A skyrmion is a topological defect in a ferromagnet. In a two dimensional system, it consists of a configuration in which every possible orientation of the magnetization occurs, “wrapping” the full sphere once. One can visualize it by putting the magnetization down at the origin and up at infinity, and rotating smoothly in a plane containing the radial and vertical directions, between these two orientations. At some radius the magnetization is in the plane, and rotates by 360 degrees as one moves around the origin.

This is a classical topological defect. What happens with quantum mechanics? The skyrmion is finite object, so one might imagine that it could behave as a quantum particle. If it is large, it involves many spins and will be heavy and classical. But if it is small, what happens? Rina Takashima, a graduate student from Kyoto University and a KITP graduate fellow, worked with me on this question and we found that indeed a skyrmion becomes a “quasiparticle”. It has some unusual dynamics and this can lead to interesting physics, for example a sort of “Bose condensation” of skyrmions. So far our work is really focused on chiral magnets, for which the in-plane spin component is fixed by the material. In the future we hope to look at non-chiral ferromagnets, where skyrmions can also occur but where the “chirality” of the in-plane twist is arbitrary and can be spontaneous.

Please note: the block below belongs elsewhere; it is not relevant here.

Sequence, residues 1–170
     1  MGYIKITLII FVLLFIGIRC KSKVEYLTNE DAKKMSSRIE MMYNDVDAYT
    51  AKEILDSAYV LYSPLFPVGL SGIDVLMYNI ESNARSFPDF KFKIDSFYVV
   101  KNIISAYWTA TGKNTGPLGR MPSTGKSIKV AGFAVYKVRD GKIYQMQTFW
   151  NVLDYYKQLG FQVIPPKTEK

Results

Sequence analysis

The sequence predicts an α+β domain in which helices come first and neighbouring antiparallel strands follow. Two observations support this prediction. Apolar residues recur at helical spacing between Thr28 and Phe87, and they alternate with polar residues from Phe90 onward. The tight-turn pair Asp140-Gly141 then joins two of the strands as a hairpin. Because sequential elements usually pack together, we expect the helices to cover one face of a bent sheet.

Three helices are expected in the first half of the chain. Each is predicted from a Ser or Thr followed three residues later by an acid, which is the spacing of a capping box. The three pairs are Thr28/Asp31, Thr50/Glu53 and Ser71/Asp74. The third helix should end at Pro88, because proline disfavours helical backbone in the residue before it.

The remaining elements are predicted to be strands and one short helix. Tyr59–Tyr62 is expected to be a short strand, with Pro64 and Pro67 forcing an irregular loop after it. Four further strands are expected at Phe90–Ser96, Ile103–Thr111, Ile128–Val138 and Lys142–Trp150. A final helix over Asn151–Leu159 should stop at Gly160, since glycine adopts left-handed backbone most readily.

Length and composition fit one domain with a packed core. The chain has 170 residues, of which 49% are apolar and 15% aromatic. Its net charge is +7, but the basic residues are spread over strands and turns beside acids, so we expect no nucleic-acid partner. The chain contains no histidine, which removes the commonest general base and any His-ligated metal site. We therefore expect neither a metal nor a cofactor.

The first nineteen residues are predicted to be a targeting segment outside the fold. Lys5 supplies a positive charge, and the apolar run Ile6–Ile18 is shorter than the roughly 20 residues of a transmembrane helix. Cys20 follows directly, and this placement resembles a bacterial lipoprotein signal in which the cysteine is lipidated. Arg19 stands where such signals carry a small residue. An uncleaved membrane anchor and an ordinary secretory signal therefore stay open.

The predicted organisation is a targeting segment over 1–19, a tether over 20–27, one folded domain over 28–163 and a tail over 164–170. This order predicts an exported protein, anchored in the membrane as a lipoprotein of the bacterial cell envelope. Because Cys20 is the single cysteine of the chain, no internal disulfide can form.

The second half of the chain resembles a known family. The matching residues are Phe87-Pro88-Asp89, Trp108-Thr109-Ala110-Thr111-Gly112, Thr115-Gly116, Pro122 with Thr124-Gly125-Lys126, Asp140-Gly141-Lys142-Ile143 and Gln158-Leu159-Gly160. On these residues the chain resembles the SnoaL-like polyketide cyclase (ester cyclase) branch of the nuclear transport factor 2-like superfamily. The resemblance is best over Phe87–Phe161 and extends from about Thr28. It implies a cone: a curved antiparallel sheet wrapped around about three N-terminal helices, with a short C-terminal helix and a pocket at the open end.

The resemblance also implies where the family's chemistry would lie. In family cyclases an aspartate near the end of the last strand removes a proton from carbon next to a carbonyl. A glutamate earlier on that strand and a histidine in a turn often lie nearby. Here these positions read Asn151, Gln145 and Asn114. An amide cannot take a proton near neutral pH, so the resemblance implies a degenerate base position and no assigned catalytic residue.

You can read about this in our arXiv preprint.

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